The Fab Four of Peer-to-Peer Payment Providers
Long gone are the days when friends ended a group lunch by scrounging around for the correct change to split the bill. Today, the internet makes it easy to send money to a friend in seconds—all online and all from the palm of your hand.
Thanks to the speed and convenience of online peer-to-peer (P2P) payments, researchers estimate that 126 million Americans will be using mobile devices to send money to friends in 2020. If you’re curious about these services but aren’t sure where to start, this article is for you. Read on to learn how P2P payment providers can make your life easier and compare four of the most popular options you can tap into today.
What You Need to Know
PTP providers are designed to make it easy to send and receive money from friends. Most require an email address or phone number to get started. Once setup is complete, you can send payments through deposit (savings or checking), credit card, or prepaid card accounts.
Some services will also allow you to hold funds within the account itself to cut down on the time it takes for money to swap hands. Fees vary, as does the length of time it takes for the funds to hit the recipient’s account. Some providers still make you wait a day or two, but increasingly, the money’s there in real time or close to it.
So whether you’re splitting a restaurant bill, paying a babysitter, or sending some cash to Junior at college, P2P apps and websites can make your life easier. Here are some of the most popular players you can try.
First on our list is PayPal, the undisputed pioneer of peer-to-peer. Its roots date to 1998, when it served as a payment provider for eBay, the online auction giant. When you send friends or family money via your U.S.-based bank account or PayPal balance, transactions are free. They do, however, charge for credit card transactions, so keep that in mind when setting up your account and preferred payment methods.
Venmo is a mobile app owned by PayPal but designed with a social media flair that makes it popular with younger generations. The app features a news feed of sorts that shows when and where friends are using the app (but not how much they’re spending). Like PayPal, Venmo is free to use unless you opt to fund your payments via credit card.
Like the first two options, Zelle makes it easy to safely and securely send money directly to friends and family. Rather than being a standalone service, Zelle is a creation of the nation’s biggest banks and their technology partner, so it’s generally accessed through a bank or credit union’s mobile or online banking site.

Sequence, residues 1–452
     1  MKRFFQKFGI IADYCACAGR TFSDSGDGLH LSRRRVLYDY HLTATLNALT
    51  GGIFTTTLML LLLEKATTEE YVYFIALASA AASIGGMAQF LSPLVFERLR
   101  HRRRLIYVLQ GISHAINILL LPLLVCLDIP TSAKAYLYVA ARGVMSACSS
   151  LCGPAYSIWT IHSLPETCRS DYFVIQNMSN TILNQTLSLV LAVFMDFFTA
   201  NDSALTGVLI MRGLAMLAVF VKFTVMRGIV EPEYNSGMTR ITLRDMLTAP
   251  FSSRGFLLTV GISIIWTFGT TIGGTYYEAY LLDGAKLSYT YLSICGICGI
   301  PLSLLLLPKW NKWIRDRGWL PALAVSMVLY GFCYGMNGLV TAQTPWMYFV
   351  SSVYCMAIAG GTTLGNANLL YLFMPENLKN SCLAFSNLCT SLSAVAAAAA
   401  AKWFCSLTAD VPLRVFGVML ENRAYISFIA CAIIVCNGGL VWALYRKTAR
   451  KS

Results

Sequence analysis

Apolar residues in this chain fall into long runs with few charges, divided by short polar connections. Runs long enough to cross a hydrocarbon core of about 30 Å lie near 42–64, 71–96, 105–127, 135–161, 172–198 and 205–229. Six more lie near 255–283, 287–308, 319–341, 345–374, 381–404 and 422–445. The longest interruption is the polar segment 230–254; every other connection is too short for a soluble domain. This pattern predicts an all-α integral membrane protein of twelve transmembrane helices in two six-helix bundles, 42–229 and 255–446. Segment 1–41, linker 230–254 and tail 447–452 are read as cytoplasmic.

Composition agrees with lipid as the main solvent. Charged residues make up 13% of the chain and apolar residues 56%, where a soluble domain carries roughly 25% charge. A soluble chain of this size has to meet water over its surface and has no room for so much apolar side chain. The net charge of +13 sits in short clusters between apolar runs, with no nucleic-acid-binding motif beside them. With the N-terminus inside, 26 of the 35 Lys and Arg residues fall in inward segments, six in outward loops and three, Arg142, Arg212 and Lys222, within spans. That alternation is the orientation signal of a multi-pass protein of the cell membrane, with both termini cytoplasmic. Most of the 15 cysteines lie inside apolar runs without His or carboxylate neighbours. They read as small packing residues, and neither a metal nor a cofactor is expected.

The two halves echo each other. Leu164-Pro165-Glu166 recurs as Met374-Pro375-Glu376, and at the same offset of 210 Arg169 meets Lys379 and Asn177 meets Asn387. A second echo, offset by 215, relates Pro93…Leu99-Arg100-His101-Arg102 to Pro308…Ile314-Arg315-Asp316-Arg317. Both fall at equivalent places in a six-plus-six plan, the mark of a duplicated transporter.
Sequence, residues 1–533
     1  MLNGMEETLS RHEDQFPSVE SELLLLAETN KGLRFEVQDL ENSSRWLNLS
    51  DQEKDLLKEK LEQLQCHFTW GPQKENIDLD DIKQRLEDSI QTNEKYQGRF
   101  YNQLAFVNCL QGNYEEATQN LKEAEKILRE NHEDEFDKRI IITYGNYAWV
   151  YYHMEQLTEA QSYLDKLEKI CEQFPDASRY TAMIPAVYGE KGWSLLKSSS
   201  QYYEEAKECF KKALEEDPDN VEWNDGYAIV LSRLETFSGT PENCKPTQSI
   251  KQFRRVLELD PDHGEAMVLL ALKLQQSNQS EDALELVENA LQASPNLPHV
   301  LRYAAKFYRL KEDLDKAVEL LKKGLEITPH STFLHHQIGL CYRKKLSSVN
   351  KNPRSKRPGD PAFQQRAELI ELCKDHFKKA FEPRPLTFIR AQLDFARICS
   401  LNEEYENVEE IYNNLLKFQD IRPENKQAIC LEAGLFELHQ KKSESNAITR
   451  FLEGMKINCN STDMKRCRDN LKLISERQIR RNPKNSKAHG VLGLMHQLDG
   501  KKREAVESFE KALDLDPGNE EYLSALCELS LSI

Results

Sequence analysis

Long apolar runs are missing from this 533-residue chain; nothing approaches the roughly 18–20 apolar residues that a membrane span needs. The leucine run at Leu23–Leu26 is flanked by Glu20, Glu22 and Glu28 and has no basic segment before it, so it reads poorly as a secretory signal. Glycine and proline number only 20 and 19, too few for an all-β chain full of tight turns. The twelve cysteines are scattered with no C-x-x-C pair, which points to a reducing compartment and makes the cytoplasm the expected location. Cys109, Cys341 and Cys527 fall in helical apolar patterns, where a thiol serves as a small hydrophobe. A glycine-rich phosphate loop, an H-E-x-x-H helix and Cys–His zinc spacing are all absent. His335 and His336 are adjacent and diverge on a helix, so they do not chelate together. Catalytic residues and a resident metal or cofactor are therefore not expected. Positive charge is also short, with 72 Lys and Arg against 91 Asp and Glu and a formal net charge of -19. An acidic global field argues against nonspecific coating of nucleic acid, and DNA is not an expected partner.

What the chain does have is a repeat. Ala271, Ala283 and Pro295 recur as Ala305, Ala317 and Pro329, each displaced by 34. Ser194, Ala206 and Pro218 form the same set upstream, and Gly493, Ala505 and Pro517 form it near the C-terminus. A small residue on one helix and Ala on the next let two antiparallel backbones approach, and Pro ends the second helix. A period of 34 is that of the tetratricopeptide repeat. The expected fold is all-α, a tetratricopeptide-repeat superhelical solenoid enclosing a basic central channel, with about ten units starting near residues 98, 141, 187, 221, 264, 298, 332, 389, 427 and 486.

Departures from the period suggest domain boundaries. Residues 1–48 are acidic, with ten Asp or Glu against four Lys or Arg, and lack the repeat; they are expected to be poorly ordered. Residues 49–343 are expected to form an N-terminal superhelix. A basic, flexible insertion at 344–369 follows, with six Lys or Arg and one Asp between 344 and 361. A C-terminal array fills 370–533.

This means the service may already be available to you through your bank’s app or website, and you won’t need to download a new app to use it. (If your bank doesn’t offer Zelle, however, there is still an app you can download and connect to your debit card.) And rather than offering a middleman account like some of the other providers do, Zelle sends money directly from one bank account to another.
#4: Facebook Messenger
When Facebook first gave its vast user base the ability to send cash payments through its Messenger chat service in March 2015, use quickly soared past a million payments a day. Today, PayPal has been integrated into the app’s payment service, making it even easier to use.
Users love how simple it is to split payments among multiple users in Messenger. On the other hand, funds availability can vary and payments can take longer than when you use a service like Zelle, which immediately moves money into deposit accounts.
If these popular providers still don’t meet your needs, don’t give up. Other players that can simplify your life include digital wallets like Apple Pay and Google Pay or Cash App, the P2P service from small-business payments specialist Square.
Whatever you choose, remember that online payments of any kind rely on seamless, reliable cellular or internet service. Call Race today to make sure you have the fastest and most secure connection available.